GARDENING Five herbs for life

Outdoor Living

Lovage is wonderful in soups and stews, so why not plant some?
?Lovage is wonderful in soups and stews, so why not plant some?

Five herbs for life

Hans Wieland

If you ask people for a definition of a herb, you probably get as many answers. The reason for this is that herbs are so versatile. My own definition reflects this somewhat:  “A plant with leaves, seeds, flowers and roots used for flavouring food, medicine, perfume and magic.”
For me, herbs belong to the ‘transformer’ category of plants – they can change any dish into an extraordinary food experience. May is one of the best times to buy herb plants, as the weather gets a bit warmer and you can plant them out straight away.

Where to grow?
Contrary to the popular opinion that all herbs need a sunny site, many thrive in moist, semi-shaded conditions. Plants that produce lush, green leaves (eg parsley, chives, lovage, sorrel and mint) will do well in partial shade. If you are growing them in the garden, you just need to remember to keep them well watered in the first few weeks after planting, especially if the weather is dry. They will establish very quickly and thrive. In no time they will need very little care apart from a tiny bit of weeding. You will have herbs for life!
If you are growing in containers, your herbs will need a little more attention. When the weather is very dry they will need regular watering. Placing a tray under the pot will help to retain water.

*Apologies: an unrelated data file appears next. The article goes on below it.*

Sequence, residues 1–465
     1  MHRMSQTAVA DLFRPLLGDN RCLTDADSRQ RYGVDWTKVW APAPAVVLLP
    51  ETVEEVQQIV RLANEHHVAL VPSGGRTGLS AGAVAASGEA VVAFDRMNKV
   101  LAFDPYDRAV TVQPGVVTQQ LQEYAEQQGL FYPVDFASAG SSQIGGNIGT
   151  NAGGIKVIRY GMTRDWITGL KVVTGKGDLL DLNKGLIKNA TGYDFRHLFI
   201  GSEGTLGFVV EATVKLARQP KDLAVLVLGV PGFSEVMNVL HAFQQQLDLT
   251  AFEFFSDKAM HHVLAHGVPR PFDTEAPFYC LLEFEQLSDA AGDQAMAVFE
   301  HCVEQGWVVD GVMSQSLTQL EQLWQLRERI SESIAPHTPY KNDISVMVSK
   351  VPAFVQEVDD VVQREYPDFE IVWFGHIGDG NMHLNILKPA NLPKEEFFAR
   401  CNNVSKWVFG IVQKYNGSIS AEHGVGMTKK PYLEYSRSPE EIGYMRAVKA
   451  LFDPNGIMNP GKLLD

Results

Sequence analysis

Five for life
My first choice is lovage, a very valuable culinary plant, and its absence from many gardens is somewhat perplexing. Lovage is not for a small herb bed: It is a perennial, and in its mature stage often grows up to six-foot high. It will spread and making a clump measuring three to four feet across. It will grow on any soil, but prefers a deep, moist one and can be in partial shade. So find a good spot, maybe in the corner of your garden and let it settle in. In my opinion, lovage is the best soup herb ever and also very good in stews. The flavour is similar to celery, another great plant for soups.
My second choice is horseradish, another big perennial that deserves a prominent spot in your garden. As you are going for the roots, a deep, rich and fertile soil is best to produce good straight roots. Horseradish sauce or cream is delicious with beef, but it also is great grated in salads. The best is mixing it with fresh quark or cottage cheese.
My third choice is sweet cicely, another vigorous growing perennial and one of the first herbs to show in the spring. Again, it is easy to grow and establish and it also looks well in a herbaceous border. It tastes a bit like anise and can be used as a natural sweetener.
Herb number four is salad burnet, a very attractive looking plant with small paired leaves. It is excellent in salads as the name suggests, and tastes mildly of cucumber. It often survives in mild winters.
Last not least, and a new one to me, is Vietnamese coriander. At present, in year two, I still have it in a pot and use it very regularly in cooking. It’s much easier to keep than looking after Coriander in the polytunnel, which often bolts and has to be sown again.
I would like to hear from you readers about your five for life. There could be a prize on the way to you! For information about courses on growing and using herbs and herb plants, head to

Hans Wieland is training manager at The Organic Centre, Rossinver, Co Leitrim, which offers courses, training and information on organic growing and cooking, and runs an Eco Shop and an online gardening store. For more information, visit
Gardening questions or comments? Contact Hans at